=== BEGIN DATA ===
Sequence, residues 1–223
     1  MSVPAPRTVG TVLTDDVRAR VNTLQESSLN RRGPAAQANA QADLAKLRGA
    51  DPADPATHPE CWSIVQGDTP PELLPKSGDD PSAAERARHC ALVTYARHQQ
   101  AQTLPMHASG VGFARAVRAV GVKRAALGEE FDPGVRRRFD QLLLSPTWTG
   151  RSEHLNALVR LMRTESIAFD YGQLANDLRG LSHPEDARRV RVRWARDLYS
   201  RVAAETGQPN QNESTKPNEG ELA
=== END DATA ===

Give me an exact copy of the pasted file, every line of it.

Sequence, residues 1–223
     1  MSVPAPRTVG TVLTDDVRAR VNTLQESSLN RRGPAAQANA QADLAKLRGA
    51  DPADPATHPE CWSIVQGDTP PELLPKSGDD PSAAERARHC ALVTYARHQQ
   101  AQTLPMHASG VGFARAVRAV GVKRAALGEE FDPGVRRRFD QLLLSPTWTG
   151  RSEHLNALVR LMRTESIAFD YGQLANDLRG LSHPEDARRV RVRWARDLYS
   201  RVAAETGQPN QNESTKPNEG ELA